New York, NY (SportsNetwork.com) - New England Patriots quarterback Tom Brady was suspended four games without pay and his team was fined $1 million and docked two draft picks in penalties doled out by the NFL on Monday over the deflated balls scandal.
The punishment was announced five days after the release of the long-awaited Wells report, which detailed what it called a "deliberate effort" by two Patriots employees to release air from footballs prior to the AFC Championship game against the Indianapolis Colts in January.
Brady, the report by NFL-appointed attorney Ted Wells said, was "generally aware" that locker room attendant Jim McNally and equipment assistant John Jastremski were letting the air out of balls.
The investigation found no evidence that team ownership, coach Bill Belichick or head equipment manager Dave Schoenfeld knew of the practice.
The league suspended Brady for what it called "conduct detrimental to the integrity of the NFL." The two-time NFL MVP can participate in all offseason, training camp and preseason activities, including preseason games, but he will be suspended for the first four games of the regular season.
He is eligible to return Oct. 18 against the Colts -- a Sunday night game in Indianapolis.
His agent, Don Yee, said Brady will appeal the suspension.
In addition to the $1 million fine, the Patriots will forfeit a first-round draft pick next year and a fourth-round selection in 2017 for violating the rules and failing to cooperate with the investigation, the NFL said.
"We relied on the critical importance of protecting the integrity of the game and the thoroughness and independence of the Wells report," NFL Commissioner Roger Goodell said in a news release announcing the penalties.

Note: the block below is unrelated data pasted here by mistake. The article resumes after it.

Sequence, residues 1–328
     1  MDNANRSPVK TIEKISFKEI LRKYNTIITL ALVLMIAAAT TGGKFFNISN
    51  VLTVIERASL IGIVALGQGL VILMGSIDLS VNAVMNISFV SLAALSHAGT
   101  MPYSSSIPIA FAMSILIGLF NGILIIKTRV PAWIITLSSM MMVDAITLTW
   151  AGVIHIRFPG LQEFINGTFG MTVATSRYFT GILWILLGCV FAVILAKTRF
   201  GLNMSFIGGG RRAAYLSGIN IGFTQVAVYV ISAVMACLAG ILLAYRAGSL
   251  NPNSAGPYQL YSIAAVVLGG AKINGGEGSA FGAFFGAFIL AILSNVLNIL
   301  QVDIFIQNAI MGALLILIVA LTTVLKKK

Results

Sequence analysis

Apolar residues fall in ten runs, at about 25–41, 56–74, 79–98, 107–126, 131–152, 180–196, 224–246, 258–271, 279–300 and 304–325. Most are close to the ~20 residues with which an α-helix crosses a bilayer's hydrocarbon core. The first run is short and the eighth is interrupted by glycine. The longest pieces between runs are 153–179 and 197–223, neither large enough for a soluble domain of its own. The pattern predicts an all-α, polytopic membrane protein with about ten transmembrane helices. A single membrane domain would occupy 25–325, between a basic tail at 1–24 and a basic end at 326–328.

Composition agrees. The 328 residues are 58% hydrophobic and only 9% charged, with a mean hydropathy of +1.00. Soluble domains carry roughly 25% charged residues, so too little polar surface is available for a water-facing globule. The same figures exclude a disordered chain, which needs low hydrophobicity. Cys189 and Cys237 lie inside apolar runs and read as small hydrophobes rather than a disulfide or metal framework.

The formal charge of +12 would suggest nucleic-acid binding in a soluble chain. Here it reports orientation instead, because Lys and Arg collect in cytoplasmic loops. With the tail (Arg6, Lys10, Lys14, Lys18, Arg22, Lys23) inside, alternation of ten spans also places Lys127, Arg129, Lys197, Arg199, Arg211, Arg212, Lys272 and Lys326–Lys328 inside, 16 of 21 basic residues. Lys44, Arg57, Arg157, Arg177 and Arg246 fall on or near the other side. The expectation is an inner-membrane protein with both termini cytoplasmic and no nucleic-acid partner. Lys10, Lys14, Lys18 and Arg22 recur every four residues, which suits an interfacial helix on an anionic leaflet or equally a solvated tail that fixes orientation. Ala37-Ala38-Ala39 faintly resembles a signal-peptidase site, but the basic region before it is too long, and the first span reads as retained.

The Patriots won the game against the Colts 45-7 and went on to beat Seattle in the Super Bowl, the fourth title for New England in the Brady-Belichick era.
Patriots owner Robert Kraft criticized Monday's penalties as excessive and said Brady has the organization's "unconditional support."
"Despite our conviction that there was no tampering with footballs, it was our intention to accept any discipline levied by the league," Kraft said in a statement. "Today's punishment, however, far exceeded any reasonable expectation. It was based completely on circumstantial rather than hard or conclusive evidence.
"We are humbled by the support the New England Patriots have received from our fans throughout the world. We recognize our fans' concerns regarding the NFL's penalties and share in their disappointment in how this one-sided investigation was handled, as well as the dismissal of the scientific evidence supported by the Ideal Gas Law in the final (Wells) report."
Yee criticized the Wells report last week as having "significant and tragic flaws" and Kraft called it inconclusive.
Brady said during a public appearance last Thursday that he had no real reaction to the report, which he said he hadn't had time to fully read.
In a letter to Brady, NFL Executive Vice President of Football Operations Troy Vincent says the Wells report established "substantial and credible evidence" showing Brady was "at least generally aware" that air was being let out of footballs and that it was "unlikely" it was being done without Brady knowing it.